In partnership with the State Energy Office, NC State performed a steam trap survey of the five Central Utility Plants and many of the connected buildings. The goal of the survey was to determine the status of the steam distribution system, and to correct defects when identified.
Steam traps are devices used to remove condensate from live steam, which allows the system to operate more efficiently.
The three important functions of a steam trap include:
- Discharging condensate as soon as it is formed,
- minimizing steam loss, and
- its ability to discharge air and other non-condensable gases.
The steam trap fails if any of the above functions are defective. Trap failure represents a dollar amount of energy lost by the university. Out of 934 traps surveyed, 133 traps were found to be defective, or approximately 14% failure rate. This defect rate represents a significant loss of stream from the distribution system, and an annual loss of approximately $207,917 to the university. The simple return on investment to replace or repair the defective traps is less than six months.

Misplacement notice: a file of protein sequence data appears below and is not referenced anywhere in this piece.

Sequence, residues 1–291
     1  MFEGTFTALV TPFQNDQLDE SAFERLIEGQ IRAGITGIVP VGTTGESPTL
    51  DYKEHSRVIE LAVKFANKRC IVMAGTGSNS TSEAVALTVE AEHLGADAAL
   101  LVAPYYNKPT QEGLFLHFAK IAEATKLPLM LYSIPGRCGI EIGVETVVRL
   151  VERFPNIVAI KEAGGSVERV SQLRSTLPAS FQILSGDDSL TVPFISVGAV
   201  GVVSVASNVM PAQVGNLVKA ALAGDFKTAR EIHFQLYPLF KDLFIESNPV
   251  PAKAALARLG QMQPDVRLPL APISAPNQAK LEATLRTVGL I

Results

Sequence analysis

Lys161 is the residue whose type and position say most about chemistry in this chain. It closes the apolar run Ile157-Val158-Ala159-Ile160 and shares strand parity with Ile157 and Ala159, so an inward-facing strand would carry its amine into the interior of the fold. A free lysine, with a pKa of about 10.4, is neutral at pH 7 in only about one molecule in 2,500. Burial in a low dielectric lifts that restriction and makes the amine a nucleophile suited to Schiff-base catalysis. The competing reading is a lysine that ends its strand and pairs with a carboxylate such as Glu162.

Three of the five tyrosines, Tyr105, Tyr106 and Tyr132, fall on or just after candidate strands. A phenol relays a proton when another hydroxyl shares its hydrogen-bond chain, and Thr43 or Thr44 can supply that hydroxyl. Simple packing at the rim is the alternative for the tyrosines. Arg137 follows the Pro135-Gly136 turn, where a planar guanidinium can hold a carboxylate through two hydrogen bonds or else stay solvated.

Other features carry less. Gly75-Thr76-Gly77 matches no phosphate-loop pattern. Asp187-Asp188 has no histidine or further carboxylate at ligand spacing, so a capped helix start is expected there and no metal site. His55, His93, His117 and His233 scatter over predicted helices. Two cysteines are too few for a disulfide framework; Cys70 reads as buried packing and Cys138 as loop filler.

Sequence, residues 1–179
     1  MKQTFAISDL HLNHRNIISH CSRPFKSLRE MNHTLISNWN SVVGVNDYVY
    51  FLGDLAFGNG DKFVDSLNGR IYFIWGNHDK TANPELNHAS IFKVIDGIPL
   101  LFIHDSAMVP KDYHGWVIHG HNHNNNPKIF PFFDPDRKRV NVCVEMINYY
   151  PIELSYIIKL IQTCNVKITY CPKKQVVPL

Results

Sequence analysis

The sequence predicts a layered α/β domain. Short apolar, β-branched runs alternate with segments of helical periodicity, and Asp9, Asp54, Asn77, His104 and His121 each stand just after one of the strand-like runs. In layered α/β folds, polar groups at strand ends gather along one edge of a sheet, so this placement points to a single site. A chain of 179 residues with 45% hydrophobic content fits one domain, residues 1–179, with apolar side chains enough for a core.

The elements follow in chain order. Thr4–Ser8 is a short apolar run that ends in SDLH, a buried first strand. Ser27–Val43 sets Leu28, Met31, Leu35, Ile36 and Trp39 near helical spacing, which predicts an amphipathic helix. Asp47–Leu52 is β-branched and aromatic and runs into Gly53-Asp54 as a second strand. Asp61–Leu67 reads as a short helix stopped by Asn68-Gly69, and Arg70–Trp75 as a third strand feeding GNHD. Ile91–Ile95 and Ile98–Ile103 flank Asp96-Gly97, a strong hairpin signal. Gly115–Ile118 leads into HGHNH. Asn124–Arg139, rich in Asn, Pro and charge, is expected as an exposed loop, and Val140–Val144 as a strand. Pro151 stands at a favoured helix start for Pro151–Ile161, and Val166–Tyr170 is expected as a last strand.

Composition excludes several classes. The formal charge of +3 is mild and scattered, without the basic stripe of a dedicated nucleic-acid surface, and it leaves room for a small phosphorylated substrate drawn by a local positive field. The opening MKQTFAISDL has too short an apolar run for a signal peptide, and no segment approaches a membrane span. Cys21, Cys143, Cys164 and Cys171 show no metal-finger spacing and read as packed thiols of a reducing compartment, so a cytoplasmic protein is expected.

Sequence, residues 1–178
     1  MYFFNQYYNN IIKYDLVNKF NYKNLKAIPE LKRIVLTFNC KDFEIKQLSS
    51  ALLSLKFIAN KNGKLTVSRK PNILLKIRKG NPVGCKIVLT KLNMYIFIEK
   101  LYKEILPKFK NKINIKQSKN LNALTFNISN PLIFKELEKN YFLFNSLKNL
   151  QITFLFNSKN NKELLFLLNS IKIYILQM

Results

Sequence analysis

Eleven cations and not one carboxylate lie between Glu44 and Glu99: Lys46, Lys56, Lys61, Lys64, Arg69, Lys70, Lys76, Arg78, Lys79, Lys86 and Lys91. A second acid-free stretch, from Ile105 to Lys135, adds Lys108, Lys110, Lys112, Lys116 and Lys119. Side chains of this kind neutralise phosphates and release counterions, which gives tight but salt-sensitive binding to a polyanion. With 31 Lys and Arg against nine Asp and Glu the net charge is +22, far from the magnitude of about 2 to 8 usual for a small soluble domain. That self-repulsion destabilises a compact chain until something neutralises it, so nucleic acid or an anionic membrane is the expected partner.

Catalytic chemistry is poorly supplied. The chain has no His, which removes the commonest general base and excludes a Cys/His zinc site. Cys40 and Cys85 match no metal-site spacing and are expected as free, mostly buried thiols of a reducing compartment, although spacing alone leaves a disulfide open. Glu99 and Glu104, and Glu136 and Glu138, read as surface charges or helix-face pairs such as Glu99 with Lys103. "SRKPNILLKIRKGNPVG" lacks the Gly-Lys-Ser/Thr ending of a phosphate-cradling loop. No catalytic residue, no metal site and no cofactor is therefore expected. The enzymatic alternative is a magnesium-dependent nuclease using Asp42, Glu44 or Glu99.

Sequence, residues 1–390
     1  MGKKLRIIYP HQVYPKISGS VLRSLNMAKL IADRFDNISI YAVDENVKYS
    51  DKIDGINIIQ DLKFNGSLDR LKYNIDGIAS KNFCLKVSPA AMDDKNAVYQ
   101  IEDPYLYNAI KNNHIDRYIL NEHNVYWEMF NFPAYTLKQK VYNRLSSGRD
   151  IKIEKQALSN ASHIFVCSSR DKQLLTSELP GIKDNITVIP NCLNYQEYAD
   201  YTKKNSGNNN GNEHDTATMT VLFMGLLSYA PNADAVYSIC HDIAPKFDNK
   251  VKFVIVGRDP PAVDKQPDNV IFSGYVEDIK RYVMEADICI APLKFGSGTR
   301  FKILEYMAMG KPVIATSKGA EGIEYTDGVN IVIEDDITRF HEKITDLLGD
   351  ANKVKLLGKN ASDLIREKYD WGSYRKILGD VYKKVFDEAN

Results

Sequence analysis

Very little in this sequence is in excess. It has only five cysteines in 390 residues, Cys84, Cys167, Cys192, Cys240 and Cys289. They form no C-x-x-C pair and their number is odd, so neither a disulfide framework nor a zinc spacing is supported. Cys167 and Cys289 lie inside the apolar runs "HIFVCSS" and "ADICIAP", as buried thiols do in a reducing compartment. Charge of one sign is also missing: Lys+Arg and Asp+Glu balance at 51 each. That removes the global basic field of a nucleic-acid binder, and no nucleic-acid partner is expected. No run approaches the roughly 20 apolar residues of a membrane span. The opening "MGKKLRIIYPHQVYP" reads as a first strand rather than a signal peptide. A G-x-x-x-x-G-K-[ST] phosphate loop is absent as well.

As a result of the survey, the university has launched a Steam Trap Maintenance Program to reduce the defect rate and associated energy loss. To achieve an efficient steam trap management system, the district plants have taken proactive measures to replace faulty traps, remove bypass valves, and install proper drip legs to collect condensates. Based on the root analysis of the existing steam trap design failures, each district plant will increase its performance and reliability by selecting the proper steam trap design. The goal of the Steam Trap Maintenance Program is to reduce the failure rate of the steam trap population to less than 3%.